• God’s desire is to prove Himself – to raise up things in life where we have experienced “deaths”.
  • It’s not that God is a slot machine – but He will always supply our needs. Sometimes He doesn’t provide in the way we’d like Him to, but He is always faithful.
  • We don’t know what the future holds, but we know Who holds the future – that is what counts.
  • Hannah ended up bearing more children – she didn’t know  or expect that that would happen. We mustn’t presume on what God will do when we give, but we can trust Him.
  • Hannah also learned that she has a greater purpose in life than her own purpose. She speaks of her hope that God will set up a great Kingdom and a great King; at that time there was no king, no order, no standards – she was living in a nation that was far from God, living in darkness. And what came upon her was a terrible sorrow for her nation.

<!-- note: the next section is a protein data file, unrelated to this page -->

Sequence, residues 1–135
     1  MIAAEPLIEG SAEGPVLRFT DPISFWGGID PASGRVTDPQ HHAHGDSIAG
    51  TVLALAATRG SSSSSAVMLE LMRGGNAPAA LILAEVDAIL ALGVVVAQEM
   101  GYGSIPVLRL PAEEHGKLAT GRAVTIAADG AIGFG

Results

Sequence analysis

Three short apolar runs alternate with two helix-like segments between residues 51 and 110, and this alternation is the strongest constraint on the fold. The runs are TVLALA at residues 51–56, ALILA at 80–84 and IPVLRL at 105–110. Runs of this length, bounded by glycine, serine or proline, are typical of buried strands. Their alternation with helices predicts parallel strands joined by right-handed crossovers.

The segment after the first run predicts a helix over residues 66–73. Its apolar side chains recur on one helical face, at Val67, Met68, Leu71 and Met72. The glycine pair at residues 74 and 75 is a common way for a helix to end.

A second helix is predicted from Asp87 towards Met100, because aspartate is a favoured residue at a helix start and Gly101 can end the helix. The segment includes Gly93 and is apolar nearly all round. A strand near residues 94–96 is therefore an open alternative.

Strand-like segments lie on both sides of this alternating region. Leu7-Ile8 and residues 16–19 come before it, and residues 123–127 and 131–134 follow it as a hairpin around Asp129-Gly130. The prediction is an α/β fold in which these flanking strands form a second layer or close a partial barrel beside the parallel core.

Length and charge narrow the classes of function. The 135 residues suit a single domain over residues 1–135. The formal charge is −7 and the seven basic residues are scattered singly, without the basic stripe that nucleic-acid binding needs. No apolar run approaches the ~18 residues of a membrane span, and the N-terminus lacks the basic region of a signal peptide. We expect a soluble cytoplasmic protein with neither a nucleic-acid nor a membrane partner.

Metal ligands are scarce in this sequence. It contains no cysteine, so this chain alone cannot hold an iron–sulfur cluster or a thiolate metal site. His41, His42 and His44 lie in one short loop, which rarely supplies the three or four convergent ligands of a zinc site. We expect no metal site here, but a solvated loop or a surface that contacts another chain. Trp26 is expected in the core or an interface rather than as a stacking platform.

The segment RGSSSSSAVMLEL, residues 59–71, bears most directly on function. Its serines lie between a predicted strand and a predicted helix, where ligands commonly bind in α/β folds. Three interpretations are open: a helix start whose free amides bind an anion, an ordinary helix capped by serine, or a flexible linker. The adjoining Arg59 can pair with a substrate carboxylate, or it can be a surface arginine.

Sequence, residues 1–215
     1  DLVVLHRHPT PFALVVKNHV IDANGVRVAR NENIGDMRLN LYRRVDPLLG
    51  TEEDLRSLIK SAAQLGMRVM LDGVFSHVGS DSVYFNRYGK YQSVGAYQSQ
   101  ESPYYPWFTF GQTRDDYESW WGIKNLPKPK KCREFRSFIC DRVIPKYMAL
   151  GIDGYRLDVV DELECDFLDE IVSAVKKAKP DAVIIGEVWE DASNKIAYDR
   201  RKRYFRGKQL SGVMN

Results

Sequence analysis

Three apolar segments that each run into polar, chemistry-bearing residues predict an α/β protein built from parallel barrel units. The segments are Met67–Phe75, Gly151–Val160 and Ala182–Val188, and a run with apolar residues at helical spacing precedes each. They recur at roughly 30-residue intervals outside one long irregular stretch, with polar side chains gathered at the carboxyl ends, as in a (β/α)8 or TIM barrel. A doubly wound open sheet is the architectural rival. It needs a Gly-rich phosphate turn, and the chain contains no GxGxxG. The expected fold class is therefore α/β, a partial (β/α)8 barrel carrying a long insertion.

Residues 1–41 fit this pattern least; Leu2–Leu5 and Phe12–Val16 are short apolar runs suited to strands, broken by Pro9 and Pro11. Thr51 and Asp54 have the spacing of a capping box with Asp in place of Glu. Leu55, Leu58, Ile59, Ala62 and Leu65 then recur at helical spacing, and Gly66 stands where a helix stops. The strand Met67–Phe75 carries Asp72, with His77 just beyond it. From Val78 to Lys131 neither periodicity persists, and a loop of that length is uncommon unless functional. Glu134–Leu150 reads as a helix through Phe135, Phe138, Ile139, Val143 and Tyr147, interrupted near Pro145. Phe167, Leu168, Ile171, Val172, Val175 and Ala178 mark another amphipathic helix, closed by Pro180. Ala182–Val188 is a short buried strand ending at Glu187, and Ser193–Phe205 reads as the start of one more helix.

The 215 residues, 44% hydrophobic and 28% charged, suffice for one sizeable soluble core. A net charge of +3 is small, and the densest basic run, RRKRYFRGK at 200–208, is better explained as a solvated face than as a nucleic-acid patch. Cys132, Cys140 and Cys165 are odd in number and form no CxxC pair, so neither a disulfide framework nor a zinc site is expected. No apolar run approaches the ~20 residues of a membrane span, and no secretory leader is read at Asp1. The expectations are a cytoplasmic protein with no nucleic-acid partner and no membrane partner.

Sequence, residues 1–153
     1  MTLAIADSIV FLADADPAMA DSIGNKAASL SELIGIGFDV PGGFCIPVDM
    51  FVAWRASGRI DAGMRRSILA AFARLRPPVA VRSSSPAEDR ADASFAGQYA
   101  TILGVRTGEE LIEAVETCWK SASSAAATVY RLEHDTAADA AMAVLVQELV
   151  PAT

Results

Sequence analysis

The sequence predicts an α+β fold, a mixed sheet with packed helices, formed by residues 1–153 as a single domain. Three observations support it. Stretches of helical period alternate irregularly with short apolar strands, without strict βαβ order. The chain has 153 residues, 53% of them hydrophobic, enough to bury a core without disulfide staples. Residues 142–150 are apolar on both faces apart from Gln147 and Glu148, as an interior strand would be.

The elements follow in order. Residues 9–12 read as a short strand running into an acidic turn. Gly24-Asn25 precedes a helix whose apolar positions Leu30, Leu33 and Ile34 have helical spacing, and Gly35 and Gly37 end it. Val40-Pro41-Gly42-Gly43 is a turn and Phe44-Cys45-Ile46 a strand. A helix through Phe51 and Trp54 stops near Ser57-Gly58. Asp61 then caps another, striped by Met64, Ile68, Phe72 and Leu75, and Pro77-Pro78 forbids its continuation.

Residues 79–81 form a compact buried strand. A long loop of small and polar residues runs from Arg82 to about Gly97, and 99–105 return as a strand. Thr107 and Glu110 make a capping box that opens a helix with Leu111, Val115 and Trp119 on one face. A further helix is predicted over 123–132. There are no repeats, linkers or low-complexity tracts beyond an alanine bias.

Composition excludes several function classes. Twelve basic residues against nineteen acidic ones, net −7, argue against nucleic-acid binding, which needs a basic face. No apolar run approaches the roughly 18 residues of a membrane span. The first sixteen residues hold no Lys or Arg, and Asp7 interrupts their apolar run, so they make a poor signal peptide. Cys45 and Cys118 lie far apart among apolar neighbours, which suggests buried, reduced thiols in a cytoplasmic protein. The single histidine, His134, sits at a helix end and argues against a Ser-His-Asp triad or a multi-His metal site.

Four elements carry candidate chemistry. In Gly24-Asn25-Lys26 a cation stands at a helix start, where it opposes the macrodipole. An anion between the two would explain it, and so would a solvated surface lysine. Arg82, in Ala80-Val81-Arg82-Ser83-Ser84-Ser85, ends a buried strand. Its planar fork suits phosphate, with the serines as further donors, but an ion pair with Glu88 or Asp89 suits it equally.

• God wants us to see the bigger picture – He wants us to have a heart for our nation, for our city – to long for His Kingdom to come.
  • Hannah knows one thing for sure: God will rule one day. And in some way she believes that her giving of her son Samuel to God, He will accomplish this. The greater King was to come.
  • Hannah saw that, if God can do the impossible of giving her a son when she was barren, then He could sort her nation out as well.
  • If God can raise His Son from the dead, He can bring restoration in our nation and our city. He can change the hearts of those who reject Him. This can happen when we give ourselves and our money to God.
  • It’s so much more than just our small dreams – the real dream is Jesus and His Kingdom.
  • God is doing something extraordinary all around the world – but what about our continent, our nation, our city? God will do miraculous things as cities like Brighton become alive with the gospel and Jesus is exalted.
  • Giving is very practical – we have to actually do something. It is also painful. V.24 is very slow – God wants us to understand how hard it was for Hannah.
  • The death of the bull can be seen as symbolic for the death involved in Hannah giving up her son.